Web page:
Sign in or register
for additional privileges

Colorado State Insane Asylum

Jordan Everhart, Stephanie Armijo, Stephanie Rodriguez, Authors

You appear to be using an older verion of Internet Explorer. For the best experience please upgrade your IE version or switch to a another web browser.


The first decades of operation at Colorado's state mental health institution in Pueblo in the late 1800s were plagued with scarce resources. The facility was overfilled and understaffed; often, the first supervisor of the facility was forced to make tough decisions. It was, perhaps, an effort by the institution's first superintendent to save money that led to hundreds of people presumed to be patients, who died while committed, to be buried in unmarked graves on the hospital grounds. 

The graveyard and remains of the patients were discovered in 1992 when the state was building a maximum security facility for the criminally insane. When construction activities revealed the graveyard, the remains of 135 individuals were exhumed under the direction of the state archaeologist and turned over to an anthropologist at Colorado College. Other artifacts found with the remains, such as buttons and scraps of clothes, were turned over to the Colorado History Museum. The remains of approximately 20 other individuals were uncovered and exhumed during the planning phase of another expansion of the facility in 2000. Through an agreement between Colorado State, Colorado's Department of Corrections, the State Archaeologist and Colorado College, assumed responsibility for the skeletal remains of 155 individuals.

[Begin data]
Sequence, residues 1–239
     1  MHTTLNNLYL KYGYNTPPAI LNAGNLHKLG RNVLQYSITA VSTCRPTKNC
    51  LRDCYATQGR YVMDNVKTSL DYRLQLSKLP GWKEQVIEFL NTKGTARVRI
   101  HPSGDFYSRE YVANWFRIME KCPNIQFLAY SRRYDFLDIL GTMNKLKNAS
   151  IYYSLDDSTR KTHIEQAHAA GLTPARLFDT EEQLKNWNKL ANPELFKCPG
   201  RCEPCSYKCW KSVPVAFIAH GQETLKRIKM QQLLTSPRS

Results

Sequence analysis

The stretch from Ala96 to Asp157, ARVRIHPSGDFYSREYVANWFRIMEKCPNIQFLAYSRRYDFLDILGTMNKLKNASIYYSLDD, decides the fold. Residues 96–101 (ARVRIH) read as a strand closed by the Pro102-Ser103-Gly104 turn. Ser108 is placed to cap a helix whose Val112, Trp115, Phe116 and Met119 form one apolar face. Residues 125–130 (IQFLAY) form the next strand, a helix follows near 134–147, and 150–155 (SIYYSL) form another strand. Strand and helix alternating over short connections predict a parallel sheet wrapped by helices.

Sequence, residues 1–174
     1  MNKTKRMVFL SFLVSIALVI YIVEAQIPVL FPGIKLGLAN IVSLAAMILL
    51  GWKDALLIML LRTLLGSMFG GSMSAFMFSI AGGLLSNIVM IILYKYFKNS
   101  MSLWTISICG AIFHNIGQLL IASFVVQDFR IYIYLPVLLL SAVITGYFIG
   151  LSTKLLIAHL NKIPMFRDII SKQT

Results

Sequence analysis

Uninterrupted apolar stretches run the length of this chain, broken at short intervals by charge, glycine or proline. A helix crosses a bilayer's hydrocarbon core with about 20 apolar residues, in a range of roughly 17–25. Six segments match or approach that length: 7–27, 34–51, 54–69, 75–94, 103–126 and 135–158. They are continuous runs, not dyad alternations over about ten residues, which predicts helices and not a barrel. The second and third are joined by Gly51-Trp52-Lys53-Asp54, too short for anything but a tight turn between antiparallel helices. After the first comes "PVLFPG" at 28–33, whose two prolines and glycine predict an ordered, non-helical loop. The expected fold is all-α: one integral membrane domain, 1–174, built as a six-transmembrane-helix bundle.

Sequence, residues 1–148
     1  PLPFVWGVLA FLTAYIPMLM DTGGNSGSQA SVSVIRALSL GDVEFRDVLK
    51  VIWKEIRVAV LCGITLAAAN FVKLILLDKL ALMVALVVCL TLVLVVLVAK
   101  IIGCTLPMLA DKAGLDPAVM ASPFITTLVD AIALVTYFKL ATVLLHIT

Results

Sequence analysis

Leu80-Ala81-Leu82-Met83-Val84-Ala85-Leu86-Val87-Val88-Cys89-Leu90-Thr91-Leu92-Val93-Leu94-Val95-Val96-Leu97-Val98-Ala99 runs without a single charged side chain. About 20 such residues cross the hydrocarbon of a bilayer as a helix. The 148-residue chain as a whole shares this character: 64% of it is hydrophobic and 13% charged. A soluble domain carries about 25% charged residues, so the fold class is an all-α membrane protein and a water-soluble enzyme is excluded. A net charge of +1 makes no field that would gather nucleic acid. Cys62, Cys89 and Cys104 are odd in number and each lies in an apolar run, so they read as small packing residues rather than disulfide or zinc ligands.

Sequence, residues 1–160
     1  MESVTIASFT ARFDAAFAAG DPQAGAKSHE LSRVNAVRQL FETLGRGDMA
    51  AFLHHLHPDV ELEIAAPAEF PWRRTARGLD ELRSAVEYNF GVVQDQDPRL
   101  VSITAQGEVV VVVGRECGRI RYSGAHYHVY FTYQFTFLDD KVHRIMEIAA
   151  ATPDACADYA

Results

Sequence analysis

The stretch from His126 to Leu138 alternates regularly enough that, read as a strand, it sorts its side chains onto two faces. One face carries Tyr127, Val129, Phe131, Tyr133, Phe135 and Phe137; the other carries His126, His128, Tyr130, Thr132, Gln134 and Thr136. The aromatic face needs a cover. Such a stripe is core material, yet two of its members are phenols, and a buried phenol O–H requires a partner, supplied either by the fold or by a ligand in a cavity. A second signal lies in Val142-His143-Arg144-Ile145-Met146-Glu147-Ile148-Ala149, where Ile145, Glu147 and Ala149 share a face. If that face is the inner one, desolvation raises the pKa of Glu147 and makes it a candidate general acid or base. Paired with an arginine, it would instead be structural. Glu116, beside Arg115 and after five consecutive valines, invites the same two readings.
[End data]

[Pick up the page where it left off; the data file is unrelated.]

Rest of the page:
How these patients ended up buried on the grounds of the institution was likely the result of many factors. When the institution first opened, it was a simple farm house. Under the direction of the first superintendent, Dr. Pembroke Thombs, patients tended the gardens and orchards which helped sustain the institution. As the population grew, funding did not. 

Thombs' repeated requests for more funds were turned down by Colorado's legislature and the Board of Charities and Corrections, which oversaw the institution. Thombs apparently had a falling out with the board in 1898 regarding the burials. She is seeking minutes of the meetings to determine, if possible, topics of dialogue between Thombs and the board. More than 500 patients died at the institution between 1879 and 1899, but only 155 have been uncovered. 

For more information of the topic including newspaper articles click here  
First Skeleton Uncovered Full Body Skeleton Another Skeleton Male Skeleton 1 2 3 4 5 6 7 8 9 10 11 12 13
Comment on this page

Discussion of "Cemetery"

Add your voice to this discussion.

Checking your signed in status ...